Wednesday, November 4, 2009

Law Review Articles on Social Security

TaxProf Blog links to comments by Benjamin Templin on an earlier Cornell Law Review article by Neil Buchanan. Buchanan argues that we shouldn't take projections of Social Security's insolvency all too seriously; Templin replies that it makes sense to diversify the Social Security trust fund into stocks, even if we aren't yet sure if/when insolvency will take place. I commented on some of Buchanan's arguments here.

While I enjoyed both articles, it does strike me that there's a qualitative difference between law review articles on Social Security and those in policy or economic journals. There's more footnoting in law review articles, to be sure – I was shocked at how much extra citation work was requested when an article of mine was adapted for a law journal – but overall the presentation of evidence and argument strikes me as generally sloppier than what you'd find in a policy article. Maybe it's because lawyers see themselves as proponents of arguments with less obligation to present contrary evidence – I guess the opposition is supposed to supply that.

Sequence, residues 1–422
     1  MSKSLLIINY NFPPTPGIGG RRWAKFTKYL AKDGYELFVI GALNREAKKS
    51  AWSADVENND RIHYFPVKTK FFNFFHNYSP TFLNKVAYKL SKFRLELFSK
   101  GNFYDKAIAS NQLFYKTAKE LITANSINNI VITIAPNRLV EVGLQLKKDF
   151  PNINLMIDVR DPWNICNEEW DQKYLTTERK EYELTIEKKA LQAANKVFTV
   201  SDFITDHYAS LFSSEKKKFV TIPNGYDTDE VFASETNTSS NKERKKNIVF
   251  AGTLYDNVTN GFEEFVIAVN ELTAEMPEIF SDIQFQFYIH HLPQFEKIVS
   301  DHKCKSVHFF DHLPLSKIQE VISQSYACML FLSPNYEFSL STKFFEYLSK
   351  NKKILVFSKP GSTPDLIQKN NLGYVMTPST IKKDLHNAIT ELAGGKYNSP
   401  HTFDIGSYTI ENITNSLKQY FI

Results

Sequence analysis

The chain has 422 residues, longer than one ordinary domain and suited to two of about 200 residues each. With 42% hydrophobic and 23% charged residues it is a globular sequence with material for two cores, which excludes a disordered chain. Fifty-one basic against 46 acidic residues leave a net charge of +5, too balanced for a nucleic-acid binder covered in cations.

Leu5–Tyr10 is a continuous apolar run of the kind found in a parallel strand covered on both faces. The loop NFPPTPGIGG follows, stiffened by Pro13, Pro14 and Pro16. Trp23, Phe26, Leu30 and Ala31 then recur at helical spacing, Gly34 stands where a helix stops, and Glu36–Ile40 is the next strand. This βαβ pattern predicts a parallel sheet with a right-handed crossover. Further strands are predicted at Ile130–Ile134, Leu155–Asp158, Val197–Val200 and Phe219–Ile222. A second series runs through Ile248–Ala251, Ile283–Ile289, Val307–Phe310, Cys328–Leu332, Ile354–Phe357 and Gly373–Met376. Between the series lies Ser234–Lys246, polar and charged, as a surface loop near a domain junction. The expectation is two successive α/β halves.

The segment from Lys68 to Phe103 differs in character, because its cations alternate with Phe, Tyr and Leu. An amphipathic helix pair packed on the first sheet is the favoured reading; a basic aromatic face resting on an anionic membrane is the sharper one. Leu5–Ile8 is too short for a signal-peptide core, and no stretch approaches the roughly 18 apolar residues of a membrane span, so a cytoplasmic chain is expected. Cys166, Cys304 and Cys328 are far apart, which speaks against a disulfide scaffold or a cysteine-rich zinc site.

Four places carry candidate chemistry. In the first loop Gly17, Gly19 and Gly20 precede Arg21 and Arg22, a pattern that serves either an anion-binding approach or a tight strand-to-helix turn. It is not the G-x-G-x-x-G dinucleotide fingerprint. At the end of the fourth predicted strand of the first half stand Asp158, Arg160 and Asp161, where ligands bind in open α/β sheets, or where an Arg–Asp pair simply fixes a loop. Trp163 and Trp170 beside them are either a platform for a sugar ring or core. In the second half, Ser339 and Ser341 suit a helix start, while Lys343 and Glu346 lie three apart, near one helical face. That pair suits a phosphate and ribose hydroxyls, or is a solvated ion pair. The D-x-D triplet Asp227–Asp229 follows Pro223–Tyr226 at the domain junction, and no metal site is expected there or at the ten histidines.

For instance, Buchanan notes "the overwhelmingly regressive effect of the Bush tax cuts." Being curious, I checked the cite: it simply references the 2001 and 2003 tax legislation, as if that's enough to establish overwhelming regressivity. Overall it just doesn't seem at the level you'd expect from a good economics or policy article, be the author from the left or the right.

No comments: